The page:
Integrated curriculum is a way to teach students that attempts to
break down barriers between subjects and make learning more meaningful
to students. The idea is to teach around themes, or "organizing
centers" that students can identify with, such as "The Environment,"
"Life in School," or more traditional areas like "Myths and Legends."
(Beane 13 - 14). Major concepts are
culled from these broad themes, and activities are planned that
teach or inform of these concepts. For example, in a unit entitled
"the Environment," students might learn about the concept of conservation
through starting their own recycling program, conduct a campaign
for environmental awareness, or a survey of which local businesses
advocate conservation (Beane 1).
this example, one can see how integrated curriculum requires accessing
knowledge from all of the traditional subjects without labeling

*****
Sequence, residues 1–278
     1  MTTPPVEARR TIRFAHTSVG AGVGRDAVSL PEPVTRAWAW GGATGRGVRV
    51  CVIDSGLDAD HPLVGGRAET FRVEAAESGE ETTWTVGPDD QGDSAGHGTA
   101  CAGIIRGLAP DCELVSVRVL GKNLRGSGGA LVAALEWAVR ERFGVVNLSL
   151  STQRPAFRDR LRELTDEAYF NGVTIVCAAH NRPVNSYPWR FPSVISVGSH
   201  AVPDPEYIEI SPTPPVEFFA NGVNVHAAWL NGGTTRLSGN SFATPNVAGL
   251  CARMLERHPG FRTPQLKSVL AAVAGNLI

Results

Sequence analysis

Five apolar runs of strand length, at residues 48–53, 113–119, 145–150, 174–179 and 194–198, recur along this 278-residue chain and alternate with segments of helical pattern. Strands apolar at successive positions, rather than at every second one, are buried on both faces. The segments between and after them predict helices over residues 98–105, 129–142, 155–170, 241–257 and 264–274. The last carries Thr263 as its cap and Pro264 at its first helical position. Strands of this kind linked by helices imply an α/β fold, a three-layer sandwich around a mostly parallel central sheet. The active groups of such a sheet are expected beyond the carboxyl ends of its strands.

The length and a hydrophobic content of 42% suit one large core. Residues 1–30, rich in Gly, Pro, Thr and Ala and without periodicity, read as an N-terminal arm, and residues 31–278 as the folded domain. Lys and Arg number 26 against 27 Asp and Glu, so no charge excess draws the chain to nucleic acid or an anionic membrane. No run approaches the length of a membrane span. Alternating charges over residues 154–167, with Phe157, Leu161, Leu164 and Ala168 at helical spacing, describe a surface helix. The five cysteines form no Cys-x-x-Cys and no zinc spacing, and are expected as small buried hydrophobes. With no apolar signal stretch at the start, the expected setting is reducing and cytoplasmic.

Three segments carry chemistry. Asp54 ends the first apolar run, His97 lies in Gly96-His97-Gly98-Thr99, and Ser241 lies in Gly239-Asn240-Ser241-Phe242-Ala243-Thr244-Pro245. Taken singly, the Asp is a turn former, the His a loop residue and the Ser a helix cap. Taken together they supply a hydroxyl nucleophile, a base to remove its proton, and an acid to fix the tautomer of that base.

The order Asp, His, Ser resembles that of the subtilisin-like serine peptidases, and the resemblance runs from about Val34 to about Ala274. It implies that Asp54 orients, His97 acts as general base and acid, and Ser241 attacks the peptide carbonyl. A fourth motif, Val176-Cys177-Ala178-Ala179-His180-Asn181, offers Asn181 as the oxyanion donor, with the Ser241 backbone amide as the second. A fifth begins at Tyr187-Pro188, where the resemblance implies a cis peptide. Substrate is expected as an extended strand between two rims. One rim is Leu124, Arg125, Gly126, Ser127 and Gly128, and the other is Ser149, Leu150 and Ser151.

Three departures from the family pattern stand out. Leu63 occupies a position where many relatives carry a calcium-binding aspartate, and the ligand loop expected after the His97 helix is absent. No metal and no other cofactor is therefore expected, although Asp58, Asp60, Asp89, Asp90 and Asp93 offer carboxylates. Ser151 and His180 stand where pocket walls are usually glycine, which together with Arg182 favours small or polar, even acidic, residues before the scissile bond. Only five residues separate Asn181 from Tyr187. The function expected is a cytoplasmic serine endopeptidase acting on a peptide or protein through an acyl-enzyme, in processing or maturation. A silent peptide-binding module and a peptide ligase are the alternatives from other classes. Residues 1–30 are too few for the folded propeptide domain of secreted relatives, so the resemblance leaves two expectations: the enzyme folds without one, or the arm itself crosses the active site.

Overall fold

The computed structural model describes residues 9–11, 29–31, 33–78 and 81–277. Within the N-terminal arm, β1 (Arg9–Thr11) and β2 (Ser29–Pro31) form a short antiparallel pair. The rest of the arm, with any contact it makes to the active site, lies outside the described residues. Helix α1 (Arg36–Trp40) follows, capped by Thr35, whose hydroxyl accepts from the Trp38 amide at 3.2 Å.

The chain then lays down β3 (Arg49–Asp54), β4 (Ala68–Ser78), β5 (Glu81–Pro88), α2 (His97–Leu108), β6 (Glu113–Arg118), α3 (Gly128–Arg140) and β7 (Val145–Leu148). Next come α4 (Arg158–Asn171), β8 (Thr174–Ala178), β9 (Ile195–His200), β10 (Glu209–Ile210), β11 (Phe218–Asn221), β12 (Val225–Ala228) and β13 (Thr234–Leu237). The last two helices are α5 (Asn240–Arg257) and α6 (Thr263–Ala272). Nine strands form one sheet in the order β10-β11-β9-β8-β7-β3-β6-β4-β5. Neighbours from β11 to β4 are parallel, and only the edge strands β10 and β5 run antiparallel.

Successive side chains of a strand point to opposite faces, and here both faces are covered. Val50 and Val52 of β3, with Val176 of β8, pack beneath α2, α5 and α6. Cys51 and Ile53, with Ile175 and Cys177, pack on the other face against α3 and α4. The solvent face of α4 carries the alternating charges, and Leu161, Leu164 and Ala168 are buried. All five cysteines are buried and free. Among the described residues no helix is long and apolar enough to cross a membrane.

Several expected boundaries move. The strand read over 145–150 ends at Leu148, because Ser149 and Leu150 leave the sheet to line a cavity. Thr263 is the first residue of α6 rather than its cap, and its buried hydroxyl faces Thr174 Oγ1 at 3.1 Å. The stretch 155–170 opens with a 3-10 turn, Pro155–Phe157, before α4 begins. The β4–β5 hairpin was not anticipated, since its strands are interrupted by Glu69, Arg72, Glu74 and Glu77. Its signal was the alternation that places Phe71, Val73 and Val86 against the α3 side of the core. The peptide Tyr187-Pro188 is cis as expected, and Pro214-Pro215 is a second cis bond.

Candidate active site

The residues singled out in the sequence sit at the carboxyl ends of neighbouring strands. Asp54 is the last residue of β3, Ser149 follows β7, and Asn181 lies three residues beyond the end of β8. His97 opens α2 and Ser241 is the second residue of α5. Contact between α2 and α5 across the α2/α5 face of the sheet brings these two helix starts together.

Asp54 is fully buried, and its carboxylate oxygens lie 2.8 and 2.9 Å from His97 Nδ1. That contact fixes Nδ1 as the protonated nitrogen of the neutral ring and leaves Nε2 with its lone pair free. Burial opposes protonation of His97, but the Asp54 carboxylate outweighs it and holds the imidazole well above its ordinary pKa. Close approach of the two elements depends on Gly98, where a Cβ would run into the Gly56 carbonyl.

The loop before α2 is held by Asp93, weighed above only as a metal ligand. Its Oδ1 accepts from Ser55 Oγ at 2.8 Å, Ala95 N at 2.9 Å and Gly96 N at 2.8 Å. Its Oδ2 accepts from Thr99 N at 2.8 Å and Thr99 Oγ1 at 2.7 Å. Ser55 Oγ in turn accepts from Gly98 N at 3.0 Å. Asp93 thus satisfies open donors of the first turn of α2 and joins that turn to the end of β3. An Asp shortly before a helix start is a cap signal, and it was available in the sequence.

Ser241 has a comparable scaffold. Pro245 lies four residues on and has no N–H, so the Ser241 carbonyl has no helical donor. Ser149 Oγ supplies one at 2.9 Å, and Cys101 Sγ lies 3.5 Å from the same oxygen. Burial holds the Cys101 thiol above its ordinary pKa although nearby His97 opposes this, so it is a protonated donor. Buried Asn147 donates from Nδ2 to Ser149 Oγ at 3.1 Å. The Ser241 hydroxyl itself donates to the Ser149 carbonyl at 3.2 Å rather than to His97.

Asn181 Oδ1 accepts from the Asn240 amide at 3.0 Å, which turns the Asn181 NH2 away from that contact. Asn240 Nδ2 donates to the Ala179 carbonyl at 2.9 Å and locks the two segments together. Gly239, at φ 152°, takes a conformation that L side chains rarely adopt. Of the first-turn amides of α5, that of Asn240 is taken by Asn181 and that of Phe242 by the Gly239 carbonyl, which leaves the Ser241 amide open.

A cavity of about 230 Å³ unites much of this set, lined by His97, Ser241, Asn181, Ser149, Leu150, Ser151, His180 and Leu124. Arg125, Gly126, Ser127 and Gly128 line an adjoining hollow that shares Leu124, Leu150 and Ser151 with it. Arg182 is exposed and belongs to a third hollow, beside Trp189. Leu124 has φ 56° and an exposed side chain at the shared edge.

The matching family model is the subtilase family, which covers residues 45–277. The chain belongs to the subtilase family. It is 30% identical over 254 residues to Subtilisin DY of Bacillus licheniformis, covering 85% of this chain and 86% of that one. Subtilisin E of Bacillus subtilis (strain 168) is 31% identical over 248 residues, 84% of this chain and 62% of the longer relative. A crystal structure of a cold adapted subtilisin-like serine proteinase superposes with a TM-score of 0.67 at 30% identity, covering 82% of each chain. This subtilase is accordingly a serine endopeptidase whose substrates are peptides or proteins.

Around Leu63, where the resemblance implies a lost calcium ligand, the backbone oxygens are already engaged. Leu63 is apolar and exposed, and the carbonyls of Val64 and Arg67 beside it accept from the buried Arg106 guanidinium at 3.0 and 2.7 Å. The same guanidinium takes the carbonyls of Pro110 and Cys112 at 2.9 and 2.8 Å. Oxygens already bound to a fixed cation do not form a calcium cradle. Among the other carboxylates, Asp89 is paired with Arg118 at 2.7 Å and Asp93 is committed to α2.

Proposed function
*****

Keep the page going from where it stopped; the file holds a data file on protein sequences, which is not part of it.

them as such. In addition, integrated curriculum adds problem-solving,
real-world application and social consciousness to the learning
process, making it a more comprehensive way of educating and of
can also see from the example that integrated curriculum goes beyond
merely "overlapping" the different existing subjects. That is, students
do not merely read about Earth Day in English or calculate pollution
levels in Math. Rather they learn in a way that avoids labeling
knowledge and, more importantly, draws upon their own life experiences
and backgrounds. This makes learning real for the students and gives
them some ‘stake’ in the learning process.